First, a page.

The intention from De Paul is to leave space in the midfield open for Messi to drop but once he pushes forward to “cover” for Messi, he’d be in the way of any progression. Mexico seemed content with the excessive off-ball movement, leaving space in between lines for De Paul to think he was occupying gaps but was really just trapped.

Also, in the case above, Messi is on the complete opposite side of the ball. Had he been where De Paul is set up, he’d have had the space to drive through the center since Mexico has already overloaded the left side.

Once the first goal approaches, however, the positioning from all attacking men is near perfection. Marcos Acuña, Julian Alvarez, and Alexis Mac Allister push Mexico’s line all the way to the penalty area, the right is overloaded with players to create space for Messi on the left while De Paul is now actively trailing the star man for support.

Despite the ball only going through Di Maria, it is a perfect team goal in the modern era. Players are constantly creating problems off the ball to distract from Messi’s looming danger. Just as he can score, he can create, and once Argentina realized that there is a mental struggle for defenses in that idea, the movements became more daring.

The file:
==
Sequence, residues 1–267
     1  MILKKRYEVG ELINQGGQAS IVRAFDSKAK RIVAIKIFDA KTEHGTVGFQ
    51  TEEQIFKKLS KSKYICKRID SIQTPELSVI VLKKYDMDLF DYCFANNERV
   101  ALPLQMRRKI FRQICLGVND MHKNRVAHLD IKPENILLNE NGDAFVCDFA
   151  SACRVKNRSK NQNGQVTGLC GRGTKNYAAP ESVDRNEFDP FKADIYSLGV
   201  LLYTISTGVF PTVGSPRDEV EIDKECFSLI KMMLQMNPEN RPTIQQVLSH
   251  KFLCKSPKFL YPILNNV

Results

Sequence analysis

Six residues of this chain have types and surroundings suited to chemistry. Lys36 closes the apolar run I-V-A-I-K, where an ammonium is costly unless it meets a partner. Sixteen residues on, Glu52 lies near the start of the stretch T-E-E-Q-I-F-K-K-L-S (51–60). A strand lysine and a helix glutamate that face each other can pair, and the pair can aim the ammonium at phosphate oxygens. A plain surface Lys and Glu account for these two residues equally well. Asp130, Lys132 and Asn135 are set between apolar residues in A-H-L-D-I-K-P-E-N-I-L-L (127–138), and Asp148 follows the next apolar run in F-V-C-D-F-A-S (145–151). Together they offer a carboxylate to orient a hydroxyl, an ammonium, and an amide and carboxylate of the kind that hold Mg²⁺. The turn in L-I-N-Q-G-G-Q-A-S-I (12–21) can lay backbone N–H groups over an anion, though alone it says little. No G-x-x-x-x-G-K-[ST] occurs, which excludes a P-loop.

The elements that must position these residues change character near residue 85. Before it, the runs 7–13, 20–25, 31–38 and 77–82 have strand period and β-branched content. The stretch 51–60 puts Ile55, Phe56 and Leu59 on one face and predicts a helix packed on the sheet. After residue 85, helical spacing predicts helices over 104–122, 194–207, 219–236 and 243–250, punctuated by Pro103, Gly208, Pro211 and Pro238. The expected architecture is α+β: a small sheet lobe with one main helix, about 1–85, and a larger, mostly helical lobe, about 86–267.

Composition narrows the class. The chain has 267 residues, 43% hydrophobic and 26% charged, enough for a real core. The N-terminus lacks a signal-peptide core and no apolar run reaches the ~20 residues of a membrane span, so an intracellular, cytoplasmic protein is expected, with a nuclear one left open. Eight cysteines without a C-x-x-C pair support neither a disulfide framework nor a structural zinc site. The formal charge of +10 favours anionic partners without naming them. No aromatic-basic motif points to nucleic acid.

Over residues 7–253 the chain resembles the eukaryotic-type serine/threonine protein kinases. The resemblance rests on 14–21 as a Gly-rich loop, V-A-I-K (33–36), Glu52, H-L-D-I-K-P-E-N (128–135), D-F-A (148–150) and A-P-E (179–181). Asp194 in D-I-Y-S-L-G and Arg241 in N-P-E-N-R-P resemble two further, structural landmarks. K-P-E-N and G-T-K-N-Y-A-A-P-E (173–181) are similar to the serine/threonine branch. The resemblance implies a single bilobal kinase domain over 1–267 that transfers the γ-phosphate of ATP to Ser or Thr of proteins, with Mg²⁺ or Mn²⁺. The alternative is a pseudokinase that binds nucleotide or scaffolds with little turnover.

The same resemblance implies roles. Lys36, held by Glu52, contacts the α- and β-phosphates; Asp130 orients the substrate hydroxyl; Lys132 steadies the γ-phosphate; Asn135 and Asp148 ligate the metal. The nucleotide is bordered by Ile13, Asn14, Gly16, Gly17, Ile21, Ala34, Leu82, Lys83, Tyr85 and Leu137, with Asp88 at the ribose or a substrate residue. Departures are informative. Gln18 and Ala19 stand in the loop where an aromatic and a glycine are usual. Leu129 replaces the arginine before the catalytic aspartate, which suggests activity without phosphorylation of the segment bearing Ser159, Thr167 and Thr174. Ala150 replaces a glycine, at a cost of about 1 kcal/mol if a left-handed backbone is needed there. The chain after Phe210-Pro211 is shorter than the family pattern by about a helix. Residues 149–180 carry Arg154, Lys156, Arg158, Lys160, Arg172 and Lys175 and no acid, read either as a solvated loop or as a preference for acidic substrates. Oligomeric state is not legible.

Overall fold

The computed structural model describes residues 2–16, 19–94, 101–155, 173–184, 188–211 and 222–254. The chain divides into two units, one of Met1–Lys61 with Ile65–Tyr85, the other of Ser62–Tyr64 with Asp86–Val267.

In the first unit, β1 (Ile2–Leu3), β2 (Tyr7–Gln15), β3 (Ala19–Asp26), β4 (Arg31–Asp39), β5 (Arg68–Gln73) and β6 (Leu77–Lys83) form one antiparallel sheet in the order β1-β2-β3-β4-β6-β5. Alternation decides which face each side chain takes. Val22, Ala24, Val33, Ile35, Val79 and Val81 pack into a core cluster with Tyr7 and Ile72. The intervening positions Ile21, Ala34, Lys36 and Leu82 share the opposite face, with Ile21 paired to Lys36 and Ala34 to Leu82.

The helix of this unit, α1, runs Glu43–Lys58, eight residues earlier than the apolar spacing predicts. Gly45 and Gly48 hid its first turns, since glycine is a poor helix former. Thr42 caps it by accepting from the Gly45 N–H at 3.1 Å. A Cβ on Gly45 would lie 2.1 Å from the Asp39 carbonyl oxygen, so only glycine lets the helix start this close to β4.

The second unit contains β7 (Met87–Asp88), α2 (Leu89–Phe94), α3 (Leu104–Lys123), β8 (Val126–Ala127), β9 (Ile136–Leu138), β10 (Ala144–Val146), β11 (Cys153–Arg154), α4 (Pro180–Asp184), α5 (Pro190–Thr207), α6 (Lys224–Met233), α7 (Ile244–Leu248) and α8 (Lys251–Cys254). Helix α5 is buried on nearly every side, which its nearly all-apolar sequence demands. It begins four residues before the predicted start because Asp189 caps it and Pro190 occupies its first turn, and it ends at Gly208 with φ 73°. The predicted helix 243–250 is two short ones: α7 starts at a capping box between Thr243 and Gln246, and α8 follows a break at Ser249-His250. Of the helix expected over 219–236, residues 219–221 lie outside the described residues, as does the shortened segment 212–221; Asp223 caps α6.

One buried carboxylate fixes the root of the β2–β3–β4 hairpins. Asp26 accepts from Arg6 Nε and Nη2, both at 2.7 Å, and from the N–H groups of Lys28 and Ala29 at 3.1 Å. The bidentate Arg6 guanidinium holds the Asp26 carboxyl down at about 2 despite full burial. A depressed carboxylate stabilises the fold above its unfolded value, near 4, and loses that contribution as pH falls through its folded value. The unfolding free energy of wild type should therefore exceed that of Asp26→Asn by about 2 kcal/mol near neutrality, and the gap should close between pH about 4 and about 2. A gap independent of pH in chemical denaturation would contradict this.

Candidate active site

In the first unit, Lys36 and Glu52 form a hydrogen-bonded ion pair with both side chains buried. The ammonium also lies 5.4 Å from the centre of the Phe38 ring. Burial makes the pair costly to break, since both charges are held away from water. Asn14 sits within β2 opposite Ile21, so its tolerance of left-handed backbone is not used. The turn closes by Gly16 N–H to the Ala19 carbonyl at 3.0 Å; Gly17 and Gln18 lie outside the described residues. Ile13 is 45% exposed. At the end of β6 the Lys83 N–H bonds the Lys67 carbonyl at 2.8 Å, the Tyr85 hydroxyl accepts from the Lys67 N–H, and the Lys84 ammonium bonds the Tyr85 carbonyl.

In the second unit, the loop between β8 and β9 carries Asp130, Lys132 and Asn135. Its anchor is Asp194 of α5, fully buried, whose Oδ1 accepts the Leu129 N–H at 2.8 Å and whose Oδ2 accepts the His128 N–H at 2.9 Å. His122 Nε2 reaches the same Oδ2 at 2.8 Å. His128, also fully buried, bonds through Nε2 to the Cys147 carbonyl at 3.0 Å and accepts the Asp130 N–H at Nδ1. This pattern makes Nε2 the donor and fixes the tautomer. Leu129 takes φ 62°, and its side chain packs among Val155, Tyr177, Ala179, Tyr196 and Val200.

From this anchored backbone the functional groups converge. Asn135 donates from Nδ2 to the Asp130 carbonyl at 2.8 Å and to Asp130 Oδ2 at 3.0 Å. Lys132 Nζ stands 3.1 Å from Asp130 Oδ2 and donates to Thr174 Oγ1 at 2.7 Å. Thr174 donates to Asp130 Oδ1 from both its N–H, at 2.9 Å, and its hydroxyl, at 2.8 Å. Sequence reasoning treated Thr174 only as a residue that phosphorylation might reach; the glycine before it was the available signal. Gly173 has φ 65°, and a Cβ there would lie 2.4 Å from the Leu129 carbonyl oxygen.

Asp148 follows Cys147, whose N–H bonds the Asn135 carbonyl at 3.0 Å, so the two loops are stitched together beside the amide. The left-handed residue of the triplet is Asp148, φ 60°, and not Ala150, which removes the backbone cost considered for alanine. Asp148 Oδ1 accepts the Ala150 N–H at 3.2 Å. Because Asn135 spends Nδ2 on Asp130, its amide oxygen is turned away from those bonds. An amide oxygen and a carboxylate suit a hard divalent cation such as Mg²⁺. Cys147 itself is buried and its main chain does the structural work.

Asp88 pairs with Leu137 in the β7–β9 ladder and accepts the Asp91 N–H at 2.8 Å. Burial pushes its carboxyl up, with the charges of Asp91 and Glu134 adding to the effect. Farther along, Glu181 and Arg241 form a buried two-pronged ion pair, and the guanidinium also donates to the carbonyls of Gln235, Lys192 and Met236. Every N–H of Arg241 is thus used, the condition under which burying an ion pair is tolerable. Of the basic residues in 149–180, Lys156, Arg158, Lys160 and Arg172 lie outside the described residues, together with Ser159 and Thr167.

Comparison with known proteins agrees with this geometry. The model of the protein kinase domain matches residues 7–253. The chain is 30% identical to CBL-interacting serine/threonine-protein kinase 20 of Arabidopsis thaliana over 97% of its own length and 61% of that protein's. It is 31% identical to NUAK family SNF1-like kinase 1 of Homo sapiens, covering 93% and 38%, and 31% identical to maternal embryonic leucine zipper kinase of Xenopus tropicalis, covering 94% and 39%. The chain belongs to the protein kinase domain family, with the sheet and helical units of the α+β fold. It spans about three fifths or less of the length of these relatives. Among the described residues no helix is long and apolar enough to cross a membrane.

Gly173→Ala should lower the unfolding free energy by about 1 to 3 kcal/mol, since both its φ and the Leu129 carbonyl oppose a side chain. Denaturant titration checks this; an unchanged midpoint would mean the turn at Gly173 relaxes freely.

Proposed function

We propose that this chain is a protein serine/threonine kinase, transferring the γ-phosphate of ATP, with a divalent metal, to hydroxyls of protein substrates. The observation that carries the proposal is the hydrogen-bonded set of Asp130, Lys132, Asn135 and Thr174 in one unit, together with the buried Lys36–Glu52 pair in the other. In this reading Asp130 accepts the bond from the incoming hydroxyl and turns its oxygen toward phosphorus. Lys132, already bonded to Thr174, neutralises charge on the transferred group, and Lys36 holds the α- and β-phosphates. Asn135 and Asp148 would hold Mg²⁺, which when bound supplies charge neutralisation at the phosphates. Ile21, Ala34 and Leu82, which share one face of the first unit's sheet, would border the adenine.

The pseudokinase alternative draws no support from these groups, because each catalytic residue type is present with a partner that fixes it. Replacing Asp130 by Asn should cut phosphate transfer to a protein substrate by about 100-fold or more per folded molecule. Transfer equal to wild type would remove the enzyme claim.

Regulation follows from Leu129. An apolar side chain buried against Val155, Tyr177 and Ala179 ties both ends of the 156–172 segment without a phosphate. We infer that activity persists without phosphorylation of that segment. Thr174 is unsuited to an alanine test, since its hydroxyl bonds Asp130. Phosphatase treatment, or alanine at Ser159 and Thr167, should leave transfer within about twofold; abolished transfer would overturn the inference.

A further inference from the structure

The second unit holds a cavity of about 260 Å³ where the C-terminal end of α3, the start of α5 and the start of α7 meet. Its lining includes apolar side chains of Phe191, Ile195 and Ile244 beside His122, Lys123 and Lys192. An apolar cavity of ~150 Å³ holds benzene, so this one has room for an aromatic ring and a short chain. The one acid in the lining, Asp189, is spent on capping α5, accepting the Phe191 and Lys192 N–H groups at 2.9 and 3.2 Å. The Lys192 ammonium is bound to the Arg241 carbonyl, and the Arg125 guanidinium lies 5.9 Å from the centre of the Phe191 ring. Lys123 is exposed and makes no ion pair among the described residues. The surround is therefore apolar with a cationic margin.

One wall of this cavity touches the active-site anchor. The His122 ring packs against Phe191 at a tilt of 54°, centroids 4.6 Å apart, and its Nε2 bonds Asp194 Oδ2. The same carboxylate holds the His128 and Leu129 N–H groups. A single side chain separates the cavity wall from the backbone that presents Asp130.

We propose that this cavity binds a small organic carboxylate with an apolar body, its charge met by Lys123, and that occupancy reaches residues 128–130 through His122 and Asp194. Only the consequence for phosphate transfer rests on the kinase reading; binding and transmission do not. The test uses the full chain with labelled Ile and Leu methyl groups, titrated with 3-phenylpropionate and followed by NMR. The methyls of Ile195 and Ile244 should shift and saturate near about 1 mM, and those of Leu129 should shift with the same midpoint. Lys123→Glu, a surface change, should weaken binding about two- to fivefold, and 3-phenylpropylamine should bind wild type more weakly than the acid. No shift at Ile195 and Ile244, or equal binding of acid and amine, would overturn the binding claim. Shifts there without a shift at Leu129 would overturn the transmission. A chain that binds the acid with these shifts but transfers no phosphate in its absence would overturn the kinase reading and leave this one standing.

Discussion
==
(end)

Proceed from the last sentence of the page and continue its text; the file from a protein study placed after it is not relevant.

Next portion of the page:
Finding A Groove

The following games against Poland, Australia, and the Netherlands respectively weren’t too interesting tactically. Argentina played extremely securely to move on from the group stages versus a nervous Poland, the match against the Socceroos exposed some holes that the emotional game versus the Netherlands addressed through a very conservative 5-3-2.

Instead, we’ll look at the semi-finals match against Croatia, perhaps one of the most tactically stubborn sides in the tournament. The name of the game is meticulous possession that takes an opposing side out of the game until a crack forms. They’re very opportunistic but Argentina pounced on that early on.